One in a Billion

Cancer detection test may revolutionize treatment

/ Author:  / Reviewed by: Joseph V. Madia, MD

(RxWiki News) Clinical trials under way at four cancer-treatment centers in the U.S. may revolutionize the way the second-leading cause of death in the U.S. is treated.

These revolutionary new trials are looking to detect the smallest trace amount of cancer cells in blood tests. There are more than a billion blood cells in circulation for every single tumor cell, according to Dr. Denis Haber, researcher at Massachusetts General Hospital in Boston. The new testing methods analyze a blood sample that is run across a microchip treated with a special glue. Only cancer cells "stick" to the glue, making this one-in-a-billion detection possible.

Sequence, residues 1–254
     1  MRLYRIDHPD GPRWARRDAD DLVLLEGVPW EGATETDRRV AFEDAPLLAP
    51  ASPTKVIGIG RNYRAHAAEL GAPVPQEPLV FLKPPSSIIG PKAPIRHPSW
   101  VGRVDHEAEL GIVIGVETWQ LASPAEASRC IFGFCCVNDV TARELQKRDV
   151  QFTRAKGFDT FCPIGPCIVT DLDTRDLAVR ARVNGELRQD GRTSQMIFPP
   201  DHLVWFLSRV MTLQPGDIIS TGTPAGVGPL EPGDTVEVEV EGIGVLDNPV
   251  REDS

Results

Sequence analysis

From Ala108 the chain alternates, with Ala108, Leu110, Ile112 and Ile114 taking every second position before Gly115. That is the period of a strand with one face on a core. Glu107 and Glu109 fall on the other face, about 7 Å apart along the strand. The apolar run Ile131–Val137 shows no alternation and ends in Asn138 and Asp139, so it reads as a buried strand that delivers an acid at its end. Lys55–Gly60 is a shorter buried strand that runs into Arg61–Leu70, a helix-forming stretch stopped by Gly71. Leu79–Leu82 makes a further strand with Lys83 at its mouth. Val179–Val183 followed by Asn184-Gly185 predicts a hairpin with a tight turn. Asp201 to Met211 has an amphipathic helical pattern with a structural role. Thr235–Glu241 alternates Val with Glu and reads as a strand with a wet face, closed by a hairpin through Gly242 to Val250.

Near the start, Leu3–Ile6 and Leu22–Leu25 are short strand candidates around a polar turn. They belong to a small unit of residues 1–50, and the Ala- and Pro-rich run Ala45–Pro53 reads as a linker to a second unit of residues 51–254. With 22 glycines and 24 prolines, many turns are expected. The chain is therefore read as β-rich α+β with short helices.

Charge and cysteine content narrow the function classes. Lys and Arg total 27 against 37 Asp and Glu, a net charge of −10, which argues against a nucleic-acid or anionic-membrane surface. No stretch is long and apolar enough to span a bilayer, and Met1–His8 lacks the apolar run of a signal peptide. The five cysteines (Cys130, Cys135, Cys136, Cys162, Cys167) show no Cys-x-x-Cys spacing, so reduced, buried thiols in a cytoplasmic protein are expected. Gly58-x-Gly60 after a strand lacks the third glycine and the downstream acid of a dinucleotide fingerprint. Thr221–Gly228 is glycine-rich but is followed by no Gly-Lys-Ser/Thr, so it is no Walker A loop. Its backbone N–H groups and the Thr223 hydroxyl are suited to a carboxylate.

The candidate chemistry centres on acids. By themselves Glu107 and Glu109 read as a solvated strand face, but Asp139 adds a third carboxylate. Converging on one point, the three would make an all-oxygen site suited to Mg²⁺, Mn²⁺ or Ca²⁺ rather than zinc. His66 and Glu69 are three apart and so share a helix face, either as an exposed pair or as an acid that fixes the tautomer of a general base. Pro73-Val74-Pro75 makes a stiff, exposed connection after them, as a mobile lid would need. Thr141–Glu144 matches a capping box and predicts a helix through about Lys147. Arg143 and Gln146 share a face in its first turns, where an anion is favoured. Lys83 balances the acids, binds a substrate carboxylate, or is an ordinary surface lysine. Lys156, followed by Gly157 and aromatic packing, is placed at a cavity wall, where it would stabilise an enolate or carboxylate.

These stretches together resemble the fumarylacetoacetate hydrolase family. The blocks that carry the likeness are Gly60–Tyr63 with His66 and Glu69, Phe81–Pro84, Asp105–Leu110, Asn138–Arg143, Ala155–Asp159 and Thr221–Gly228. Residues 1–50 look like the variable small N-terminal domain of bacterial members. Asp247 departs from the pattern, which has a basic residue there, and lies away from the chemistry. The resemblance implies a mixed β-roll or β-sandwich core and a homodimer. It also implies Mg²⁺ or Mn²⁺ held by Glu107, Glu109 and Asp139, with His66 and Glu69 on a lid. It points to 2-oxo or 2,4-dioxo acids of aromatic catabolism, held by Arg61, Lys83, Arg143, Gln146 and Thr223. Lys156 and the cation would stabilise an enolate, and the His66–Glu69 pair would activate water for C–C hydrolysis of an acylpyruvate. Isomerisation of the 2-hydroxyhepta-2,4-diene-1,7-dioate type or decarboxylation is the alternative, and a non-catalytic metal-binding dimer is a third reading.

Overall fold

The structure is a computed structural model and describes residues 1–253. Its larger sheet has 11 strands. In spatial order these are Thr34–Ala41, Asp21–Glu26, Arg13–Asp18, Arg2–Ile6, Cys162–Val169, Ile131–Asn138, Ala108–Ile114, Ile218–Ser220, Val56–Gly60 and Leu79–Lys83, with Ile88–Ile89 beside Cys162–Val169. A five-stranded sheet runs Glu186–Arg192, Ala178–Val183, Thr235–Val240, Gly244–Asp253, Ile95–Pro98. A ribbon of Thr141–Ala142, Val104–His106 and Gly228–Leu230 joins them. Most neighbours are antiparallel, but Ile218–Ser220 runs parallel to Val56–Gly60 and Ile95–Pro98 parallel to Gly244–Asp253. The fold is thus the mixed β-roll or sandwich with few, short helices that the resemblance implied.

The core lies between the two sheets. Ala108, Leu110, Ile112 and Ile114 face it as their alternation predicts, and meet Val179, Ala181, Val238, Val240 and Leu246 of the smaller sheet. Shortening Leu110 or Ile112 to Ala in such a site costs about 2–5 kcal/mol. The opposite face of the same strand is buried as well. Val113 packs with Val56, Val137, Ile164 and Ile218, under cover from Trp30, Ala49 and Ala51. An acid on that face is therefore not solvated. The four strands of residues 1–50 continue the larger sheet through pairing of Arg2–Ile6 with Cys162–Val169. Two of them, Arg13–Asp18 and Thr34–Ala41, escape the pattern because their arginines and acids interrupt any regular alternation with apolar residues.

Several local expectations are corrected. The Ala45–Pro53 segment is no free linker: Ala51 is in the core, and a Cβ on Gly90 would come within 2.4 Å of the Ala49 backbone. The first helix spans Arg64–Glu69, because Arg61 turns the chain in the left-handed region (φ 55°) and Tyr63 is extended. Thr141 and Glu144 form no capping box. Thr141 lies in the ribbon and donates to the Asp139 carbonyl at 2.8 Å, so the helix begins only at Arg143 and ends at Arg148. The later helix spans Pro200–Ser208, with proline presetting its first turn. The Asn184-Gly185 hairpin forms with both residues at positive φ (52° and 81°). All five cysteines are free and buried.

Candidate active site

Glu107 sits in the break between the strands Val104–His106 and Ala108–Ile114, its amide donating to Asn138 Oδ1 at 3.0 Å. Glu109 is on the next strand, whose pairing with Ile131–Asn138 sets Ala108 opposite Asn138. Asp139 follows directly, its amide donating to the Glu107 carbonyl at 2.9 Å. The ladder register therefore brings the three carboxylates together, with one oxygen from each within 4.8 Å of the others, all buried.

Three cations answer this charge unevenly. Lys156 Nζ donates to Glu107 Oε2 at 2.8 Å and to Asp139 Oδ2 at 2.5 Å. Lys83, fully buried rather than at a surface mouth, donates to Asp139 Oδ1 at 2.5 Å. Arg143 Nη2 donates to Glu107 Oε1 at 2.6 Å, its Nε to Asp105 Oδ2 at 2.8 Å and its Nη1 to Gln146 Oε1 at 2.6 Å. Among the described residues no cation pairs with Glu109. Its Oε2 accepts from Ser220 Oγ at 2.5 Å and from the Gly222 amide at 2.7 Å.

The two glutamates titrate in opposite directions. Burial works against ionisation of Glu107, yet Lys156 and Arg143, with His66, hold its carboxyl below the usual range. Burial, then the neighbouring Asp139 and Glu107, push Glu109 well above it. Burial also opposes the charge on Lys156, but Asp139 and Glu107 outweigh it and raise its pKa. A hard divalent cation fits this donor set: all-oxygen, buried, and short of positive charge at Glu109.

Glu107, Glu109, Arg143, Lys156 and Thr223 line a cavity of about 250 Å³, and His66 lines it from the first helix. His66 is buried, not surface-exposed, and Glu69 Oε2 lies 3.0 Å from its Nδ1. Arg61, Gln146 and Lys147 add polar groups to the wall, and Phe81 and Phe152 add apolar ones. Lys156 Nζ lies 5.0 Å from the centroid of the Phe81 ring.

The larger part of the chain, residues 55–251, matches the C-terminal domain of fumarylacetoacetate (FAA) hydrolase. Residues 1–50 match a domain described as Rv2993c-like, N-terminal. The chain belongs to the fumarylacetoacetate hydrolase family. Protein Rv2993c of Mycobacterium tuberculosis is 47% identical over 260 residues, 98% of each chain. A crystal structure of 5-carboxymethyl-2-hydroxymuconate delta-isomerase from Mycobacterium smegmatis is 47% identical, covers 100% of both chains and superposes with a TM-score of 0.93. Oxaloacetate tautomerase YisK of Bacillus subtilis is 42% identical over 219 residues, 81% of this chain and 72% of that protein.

Doctors might also be able to tell how a patient is responding to treatment by utilizing the test. Biopsies, X-rays, CT scans and MRIs can take months to determine if treatment is working, according to Dr. Elmer Huerta, a former president of the American Cancer Society.

While these trials are confined to cancer patients, researchers are looking to potentially develop a similar blood test for seemingly healthy patients.

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Review Date: 
January 24, 2011
Last Updated:
January 24, 2011